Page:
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Denver is turning to “participatory budgeting” to decide how it will use a small slice of its budget for public works projects.
After months of offering ideas and refining proposals, Denver residents now have a direct say in how the city will spend $2 million in infrastructure funds.
Earlier this week, voting opened for Denver’s first “participatory budgeting” initiative, which allows residents to cast ballots for the projects they’d most like to see the city fund. All residents are eligible to vote, regardless of age or immigration status, according to Denver’s finance department.
Denver is one of the latest local governments to experiment with participatory budgeting for a sliver of its budget. Others, including Philadelphia and New York, have run similar programs in the past, often with goals of improving equity and civic engagement.
The amounts of money in play are typically modest compared to overall spending. For instance, Denver’s general fund for fiscal 2023 is expected to be about $1.6 billion. Even so, participatory budgeting can provide a gateway for residents to get involved in the budgeting processes.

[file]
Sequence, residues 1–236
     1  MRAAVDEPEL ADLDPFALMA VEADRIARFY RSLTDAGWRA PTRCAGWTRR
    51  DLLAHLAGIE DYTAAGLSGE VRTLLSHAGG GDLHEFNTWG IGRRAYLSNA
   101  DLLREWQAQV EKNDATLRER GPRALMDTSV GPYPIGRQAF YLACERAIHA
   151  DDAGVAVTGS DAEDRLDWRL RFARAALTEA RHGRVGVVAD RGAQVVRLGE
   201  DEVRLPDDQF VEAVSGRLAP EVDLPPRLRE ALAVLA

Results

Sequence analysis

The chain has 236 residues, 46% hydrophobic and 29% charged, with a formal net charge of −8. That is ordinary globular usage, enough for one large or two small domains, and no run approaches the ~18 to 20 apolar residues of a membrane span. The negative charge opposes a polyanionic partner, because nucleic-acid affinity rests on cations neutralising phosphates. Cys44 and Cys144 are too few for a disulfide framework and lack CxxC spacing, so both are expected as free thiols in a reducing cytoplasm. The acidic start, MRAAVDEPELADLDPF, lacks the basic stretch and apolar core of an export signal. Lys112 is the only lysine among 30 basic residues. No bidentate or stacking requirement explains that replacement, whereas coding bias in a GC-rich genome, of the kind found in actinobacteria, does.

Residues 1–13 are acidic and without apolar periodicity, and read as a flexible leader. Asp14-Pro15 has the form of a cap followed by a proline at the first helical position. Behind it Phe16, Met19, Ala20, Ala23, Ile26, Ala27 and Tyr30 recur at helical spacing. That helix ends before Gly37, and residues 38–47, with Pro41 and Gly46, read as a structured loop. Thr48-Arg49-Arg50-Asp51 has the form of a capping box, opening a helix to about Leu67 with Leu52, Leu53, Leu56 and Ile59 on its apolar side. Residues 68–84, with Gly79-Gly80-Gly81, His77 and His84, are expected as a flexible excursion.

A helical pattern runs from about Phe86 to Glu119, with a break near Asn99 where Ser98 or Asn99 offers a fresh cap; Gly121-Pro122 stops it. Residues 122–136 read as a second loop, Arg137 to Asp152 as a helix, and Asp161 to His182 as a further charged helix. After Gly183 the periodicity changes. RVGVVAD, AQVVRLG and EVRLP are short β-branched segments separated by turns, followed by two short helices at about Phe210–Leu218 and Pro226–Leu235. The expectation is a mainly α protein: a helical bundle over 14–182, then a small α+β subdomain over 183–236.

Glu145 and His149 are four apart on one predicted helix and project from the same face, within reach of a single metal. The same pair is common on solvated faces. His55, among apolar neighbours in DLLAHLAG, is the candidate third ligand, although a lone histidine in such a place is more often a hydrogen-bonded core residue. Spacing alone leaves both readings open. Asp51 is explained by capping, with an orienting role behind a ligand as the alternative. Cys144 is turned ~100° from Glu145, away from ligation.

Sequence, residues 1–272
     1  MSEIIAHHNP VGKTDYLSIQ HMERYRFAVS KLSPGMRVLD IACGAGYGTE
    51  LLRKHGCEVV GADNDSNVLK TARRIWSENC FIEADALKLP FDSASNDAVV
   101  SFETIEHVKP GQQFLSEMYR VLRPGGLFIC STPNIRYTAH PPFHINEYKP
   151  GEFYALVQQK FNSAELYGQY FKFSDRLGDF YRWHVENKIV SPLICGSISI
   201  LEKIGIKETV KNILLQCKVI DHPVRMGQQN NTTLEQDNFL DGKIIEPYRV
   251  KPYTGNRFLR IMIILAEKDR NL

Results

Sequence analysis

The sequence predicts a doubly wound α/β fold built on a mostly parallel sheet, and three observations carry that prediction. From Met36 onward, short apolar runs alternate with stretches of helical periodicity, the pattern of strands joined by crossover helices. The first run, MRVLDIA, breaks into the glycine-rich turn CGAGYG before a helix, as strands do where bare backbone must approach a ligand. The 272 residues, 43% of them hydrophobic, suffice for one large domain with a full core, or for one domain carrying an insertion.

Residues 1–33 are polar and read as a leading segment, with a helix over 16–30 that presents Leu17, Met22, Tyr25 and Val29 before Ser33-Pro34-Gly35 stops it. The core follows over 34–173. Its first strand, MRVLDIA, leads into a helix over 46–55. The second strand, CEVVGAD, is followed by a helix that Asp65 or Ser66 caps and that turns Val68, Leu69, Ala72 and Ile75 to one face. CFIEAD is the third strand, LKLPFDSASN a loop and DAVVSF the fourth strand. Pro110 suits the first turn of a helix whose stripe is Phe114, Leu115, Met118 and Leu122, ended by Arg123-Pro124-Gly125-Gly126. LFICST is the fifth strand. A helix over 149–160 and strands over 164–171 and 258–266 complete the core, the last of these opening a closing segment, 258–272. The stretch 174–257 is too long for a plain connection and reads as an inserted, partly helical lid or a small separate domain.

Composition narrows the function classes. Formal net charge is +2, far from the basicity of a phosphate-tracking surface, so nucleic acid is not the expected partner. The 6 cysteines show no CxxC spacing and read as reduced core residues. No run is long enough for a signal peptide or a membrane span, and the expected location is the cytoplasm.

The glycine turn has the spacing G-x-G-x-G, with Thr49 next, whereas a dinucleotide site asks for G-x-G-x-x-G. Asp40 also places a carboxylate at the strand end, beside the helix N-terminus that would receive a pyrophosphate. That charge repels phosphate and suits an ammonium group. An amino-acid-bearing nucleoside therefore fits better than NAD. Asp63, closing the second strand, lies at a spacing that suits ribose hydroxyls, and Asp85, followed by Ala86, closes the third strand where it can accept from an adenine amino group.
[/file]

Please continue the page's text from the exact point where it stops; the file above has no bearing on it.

The infrastructure-specific initiative in Denver got underway in early summer, when more than 1,000 residents submitted ideas for how the funds should be spent. Over the last two months, a group of community members sifted through those submissions to identify priorities and flesh out proposals with location specifics, descriptions and cost estimates.
The initiative is split into four geographic ballot areas. People living in one of three regions of the city can rank up to three projects in their respective communities and determine how a collective $1 million will be spent.
Everyone else can use a citywide ballot to rank up to five projects for the remaining $1 million. The ballot includes a range of proposals, such as installing outdoor fitness equipment for older adults near an affordable housing complex ($200,000) or building four shower trailers for people who are homeless ($225,000).
“Now we vote—a ‘we’ that includes youth, immigrants and refugees, and others who may not have felt as connected to our city previously, this is what a stronger democracy looks like,” said Denver Councilwoman Robin Kniech in a statement.
The city conducted a voluntary survey among those who submitted ideas for the funding. Of those who chose to identify with a race, 97% were people of color. Meanwhile, 49% reported earning less than $25,000 a year, and 46% said they did not or could not participate in the 2019 city elections.
Voting will remain open through mid-November and residents can submit ballots in person or online.
Molly Bolan is the assistant editor for Route Fifty.
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